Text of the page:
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The Labor of Teaching and Administrative Hysteria

As art history professors, we have experienced our share of student responses to artworks like the one testified to by Aram Wedatalla, president of the Muslim Student Association at Hamline University: “It hurts and it breaks my heart to stand here to tell people and beg people to understand me, to feel what I feel,” she said in tears about a painting of the prophet Muhammad by the 14th-century Islamic scholar Rashid-al-Din. “I am 23 years old. I’ve never seen a picture of the prophet, never in my whole entire life, and it breaks my heart that a professor who is supposed to be my role model, [would] show a picture of the prophet with a trigger warning.”

And we are familiar with the hurt outrage of the students at Macalester College who sought to shut down an exhibition that included sexualized imagery of women wearing hijabs and niqabs by an Iranian-American artist supporting Iran’s “Woman, Life, Freedom” movement.

Students have all sorts of sensitivities, not just those tied to religious faith, and we work hard to support them. While the language of harm can be used as a cudgel for other ends — particularly, in our experience, when it is adopted by administrators acting in the name of protecting students — we do our best to always take it at face value. This support typically takes two standard forms.

Whenever we are able to anticipate a sensitivity, we try to provide a content warning that allows students to prepare for what they will learn about or, if need be, excuse themselves from that section of class. While these warnings may not lessen the emotional response — as Wedatalla’s testimony suggests and most studies have concluded — they can help students balance emotion with reason and thus put them into a frame of mind where they are better able to learn.

Knowing when to provide such a warning, however, is not always possible. Art history is the study of the decorations of the rich and powerful and as such is never separable from histories of structural and manifest violence. At institutions like ours that serve unusually culturally diverse and largely working-class student bodies, these stories are all the more likely to intersect with a student’s personal, familial, or cultural histories in ways that can only partially be anticipated.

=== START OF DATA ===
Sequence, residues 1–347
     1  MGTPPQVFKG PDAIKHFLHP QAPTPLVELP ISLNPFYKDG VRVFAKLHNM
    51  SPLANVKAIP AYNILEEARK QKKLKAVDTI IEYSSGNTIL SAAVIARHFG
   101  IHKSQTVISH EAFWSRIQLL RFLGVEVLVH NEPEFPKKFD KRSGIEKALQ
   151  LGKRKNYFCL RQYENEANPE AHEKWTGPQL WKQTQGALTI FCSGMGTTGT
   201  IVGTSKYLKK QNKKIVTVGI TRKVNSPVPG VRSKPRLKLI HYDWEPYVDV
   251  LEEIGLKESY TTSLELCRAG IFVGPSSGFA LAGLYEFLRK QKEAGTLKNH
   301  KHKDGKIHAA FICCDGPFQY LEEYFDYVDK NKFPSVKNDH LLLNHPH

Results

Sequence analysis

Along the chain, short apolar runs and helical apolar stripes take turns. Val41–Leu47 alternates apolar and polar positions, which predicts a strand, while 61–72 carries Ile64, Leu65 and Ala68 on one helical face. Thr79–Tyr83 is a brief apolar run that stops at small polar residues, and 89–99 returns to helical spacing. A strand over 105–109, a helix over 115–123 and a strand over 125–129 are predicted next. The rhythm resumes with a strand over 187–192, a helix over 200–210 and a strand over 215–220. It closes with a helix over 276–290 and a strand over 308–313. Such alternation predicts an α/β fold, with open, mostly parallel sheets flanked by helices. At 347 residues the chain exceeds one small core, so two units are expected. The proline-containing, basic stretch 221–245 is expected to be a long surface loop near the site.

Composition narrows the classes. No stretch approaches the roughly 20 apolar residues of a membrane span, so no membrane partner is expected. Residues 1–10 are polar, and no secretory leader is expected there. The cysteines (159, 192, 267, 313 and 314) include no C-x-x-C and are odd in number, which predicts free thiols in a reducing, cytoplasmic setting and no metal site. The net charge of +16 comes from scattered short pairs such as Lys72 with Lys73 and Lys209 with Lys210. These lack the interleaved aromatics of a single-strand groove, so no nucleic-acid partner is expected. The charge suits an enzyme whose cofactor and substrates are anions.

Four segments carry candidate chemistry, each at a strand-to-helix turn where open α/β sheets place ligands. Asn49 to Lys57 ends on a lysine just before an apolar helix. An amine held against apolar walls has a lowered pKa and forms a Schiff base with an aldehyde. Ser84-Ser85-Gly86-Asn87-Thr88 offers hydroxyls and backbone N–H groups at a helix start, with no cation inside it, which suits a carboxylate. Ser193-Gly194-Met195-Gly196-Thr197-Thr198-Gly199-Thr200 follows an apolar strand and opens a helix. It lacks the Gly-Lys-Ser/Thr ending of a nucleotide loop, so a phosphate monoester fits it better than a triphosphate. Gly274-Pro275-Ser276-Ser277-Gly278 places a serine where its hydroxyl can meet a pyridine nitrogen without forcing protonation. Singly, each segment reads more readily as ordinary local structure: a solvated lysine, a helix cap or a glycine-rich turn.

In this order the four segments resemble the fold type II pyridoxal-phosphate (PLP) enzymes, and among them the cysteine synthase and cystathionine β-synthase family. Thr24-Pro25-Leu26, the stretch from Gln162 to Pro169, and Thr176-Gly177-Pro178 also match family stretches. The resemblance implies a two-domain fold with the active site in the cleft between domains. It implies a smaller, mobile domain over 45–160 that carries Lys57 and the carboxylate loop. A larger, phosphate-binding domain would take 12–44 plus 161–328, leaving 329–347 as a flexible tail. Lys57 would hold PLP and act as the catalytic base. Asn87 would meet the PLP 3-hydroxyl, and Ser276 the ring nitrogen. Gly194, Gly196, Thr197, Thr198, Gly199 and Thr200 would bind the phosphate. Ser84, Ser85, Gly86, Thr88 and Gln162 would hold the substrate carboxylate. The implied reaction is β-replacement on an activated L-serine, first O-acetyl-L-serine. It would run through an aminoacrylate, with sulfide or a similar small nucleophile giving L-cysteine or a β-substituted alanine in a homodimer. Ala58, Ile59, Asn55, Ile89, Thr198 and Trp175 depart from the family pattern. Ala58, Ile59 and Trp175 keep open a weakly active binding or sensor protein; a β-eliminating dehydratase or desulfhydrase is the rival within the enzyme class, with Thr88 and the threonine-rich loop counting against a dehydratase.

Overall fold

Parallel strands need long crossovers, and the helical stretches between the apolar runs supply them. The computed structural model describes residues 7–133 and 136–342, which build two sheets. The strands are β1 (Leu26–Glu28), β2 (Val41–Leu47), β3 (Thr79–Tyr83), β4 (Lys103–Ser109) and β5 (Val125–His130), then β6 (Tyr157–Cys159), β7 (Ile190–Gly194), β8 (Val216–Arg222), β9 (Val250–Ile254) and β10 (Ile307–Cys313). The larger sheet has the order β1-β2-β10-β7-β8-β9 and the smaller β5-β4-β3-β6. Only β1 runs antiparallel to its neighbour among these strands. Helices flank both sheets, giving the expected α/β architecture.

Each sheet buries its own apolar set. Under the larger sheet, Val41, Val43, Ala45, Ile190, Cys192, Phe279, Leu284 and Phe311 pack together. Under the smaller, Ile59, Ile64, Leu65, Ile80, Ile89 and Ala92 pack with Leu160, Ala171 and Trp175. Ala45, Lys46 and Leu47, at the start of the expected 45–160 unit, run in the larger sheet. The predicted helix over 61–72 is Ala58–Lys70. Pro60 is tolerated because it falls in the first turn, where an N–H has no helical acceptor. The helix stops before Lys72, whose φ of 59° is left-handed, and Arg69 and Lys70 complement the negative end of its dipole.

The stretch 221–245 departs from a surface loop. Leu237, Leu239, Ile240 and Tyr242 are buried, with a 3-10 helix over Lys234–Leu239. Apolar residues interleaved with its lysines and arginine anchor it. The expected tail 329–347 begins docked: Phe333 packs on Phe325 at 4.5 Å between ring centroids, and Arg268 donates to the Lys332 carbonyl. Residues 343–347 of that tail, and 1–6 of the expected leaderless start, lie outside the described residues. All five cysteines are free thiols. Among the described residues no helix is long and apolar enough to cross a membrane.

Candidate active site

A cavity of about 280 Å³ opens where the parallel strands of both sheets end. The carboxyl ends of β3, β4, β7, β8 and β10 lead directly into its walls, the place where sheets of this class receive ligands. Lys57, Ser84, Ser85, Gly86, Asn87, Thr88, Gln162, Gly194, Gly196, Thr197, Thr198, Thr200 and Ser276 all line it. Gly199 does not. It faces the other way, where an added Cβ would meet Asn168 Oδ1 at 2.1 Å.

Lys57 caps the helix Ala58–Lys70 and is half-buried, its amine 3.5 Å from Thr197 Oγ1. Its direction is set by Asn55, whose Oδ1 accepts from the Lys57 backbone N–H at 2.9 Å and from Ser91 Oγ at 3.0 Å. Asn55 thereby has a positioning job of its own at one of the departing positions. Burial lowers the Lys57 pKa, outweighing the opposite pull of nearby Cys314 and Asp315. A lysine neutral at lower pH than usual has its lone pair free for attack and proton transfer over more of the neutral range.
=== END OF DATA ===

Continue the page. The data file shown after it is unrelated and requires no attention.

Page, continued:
And when students are able to articulate their feelings or concerns, or we are able to sense them in their responses or nonresponses, we use the classroom to talk through their reactions. As with any supportive relationship, our first response is to recognize the legitimacy of their feelings. This helps to bring students to the point where the rubber of their embodied need can meet the road of historical understanding.

While recognition of feelings helps, the real benefit comes from the Socratic extension of this process, whereby the instructor prompts an emotional student to work through some of the different perspectives that the student might accept beyond their initial reaction. This helps students evaluate the historical conditions of their own understanding, beliefs, and feelings.

Less generous readers might judge this to be a form of misplaced group therapy, but in our experience it is simply effective pedagogy. It helps students approach learning with maturity and wisdom, rather than getting mired in regressive reaction. It is helpful for anyone — but especially young adults working their way out of adolescence.

“Hysteria” is outdated as a clinical term, but colloquially it simply refers to emotional overreaction arising from misunderstanding or other extraneous factors. Because this overreaction can be contagious, the concept of hysteria is useful for thinking through the ways in which universities have failed to realize their mission.

By her own account, Wedatalla’s strong reaction was based on the limits of her experience. Had Hamline’s administration given her the opportunity to process this experience with the aid of more educated perspectives, she might have come to a more mature understanding of what upset her. For example, she might have benefitted from those who know about the long and complex history of representations of Muhammad and the prohibitions on such representations, or those who toggle back and forth between the registers of religious faith and scholarly inquiry.

Instead, this educational opportunity was blocked for Wedatalla by administrators who — in what seems to be a case of hysterical contagion — adopted the student’s upset feelings and youthful perspective as their own. Hamline President Fayneese S. Miller said that a classroom display of a major historical art monument presented with multiple trigger warnings and ample historical framing was an example of “anything goes” teaching that transgressed the imperative that instructors act “professionally in their scholarly research, their teaching, and their interactions with students.”

Read entire article at Chronicle of Higher Education